I’d like, in the rest of my preaching tonight, to reflect a little bit about this, about the implications of what we know about Jesus. What we, his disciples, profess to be the case. What here in him is the prophet, the great voice, the great speech, the great presence of the Father to us. So, to make that move, I’m going to ask for a little bit of help. I happened to notice on my way in that my nephew and his wife and the people from Anchorville are here. Where are you seated? I’m not going to ask everybody this question, but I’m going to give you a choice (nobody’s going to have to come up here and be interrogated): If you had the choice between communicating with somebody you love, would you rather have a letter or would you rather do Skype? How many would rather do a letter? A couple. How many would rather do Skype? All right, I think that’s pretty common as an answer. What’s the point about that? Skype, is about the voice, it’s about presence, it’s about a more immediate interaction. It’s about communion, being one whole person there with another whole person. And as better as that would be, all the more important it is to be in the actual presence of someone we love and how we appreciate that.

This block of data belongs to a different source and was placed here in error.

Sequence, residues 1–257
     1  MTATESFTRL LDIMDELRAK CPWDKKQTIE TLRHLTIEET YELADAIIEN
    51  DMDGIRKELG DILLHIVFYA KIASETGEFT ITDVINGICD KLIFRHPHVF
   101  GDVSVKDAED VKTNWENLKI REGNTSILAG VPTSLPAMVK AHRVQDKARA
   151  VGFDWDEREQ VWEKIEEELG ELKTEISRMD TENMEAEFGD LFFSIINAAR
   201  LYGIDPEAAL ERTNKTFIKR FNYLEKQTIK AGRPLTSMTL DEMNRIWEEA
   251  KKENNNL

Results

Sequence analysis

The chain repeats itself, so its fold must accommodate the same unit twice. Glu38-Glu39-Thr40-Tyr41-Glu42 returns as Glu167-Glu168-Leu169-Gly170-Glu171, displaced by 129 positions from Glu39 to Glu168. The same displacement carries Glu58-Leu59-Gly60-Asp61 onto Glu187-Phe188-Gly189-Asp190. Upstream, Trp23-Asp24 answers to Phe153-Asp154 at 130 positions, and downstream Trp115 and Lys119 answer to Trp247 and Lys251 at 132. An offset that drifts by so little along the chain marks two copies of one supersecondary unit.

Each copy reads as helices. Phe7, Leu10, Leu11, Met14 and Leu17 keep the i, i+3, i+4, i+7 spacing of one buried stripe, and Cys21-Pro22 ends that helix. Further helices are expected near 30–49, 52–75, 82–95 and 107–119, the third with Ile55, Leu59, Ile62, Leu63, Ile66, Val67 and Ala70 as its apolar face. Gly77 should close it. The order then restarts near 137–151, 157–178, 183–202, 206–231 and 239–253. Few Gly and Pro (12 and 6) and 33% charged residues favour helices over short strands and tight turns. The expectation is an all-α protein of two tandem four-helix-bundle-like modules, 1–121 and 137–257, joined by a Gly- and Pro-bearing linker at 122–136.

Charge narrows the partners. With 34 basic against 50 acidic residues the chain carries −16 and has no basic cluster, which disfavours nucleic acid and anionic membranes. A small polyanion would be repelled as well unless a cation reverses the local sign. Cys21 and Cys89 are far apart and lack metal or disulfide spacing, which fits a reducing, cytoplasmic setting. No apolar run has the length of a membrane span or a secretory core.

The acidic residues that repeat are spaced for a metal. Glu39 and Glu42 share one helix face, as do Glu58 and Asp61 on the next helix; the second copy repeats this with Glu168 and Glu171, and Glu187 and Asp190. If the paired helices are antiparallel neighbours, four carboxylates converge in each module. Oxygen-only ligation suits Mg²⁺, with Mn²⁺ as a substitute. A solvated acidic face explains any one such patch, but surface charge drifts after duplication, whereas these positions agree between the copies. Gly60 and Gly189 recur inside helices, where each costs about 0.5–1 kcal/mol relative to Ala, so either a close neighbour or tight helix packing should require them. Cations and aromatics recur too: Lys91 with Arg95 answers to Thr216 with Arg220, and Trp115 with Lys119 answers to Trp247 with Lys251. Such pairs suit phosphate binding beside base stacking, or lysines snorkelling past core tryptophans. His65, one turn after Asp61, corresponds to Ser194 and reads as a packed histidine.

That helps us understand this marvel of Jesus as the prophet who was predicted by Moses. God found a way to be in most intimate communication with his people without causing fear, without pushing them away, without intimidating them, but in fact, inviting them to hear, inviting them to enter, we might say, conversation, inviting them to be part of this friendship, this communion, between himself and his people. What we call The Covenant. God became a man in order to bring this about. This communion, this face-to-face connection between God and us is so important to God that he sent his only-begotten Son to be this special kind of spokesman, this special kind of prophet so that he could be with us and speak to us person-to-person.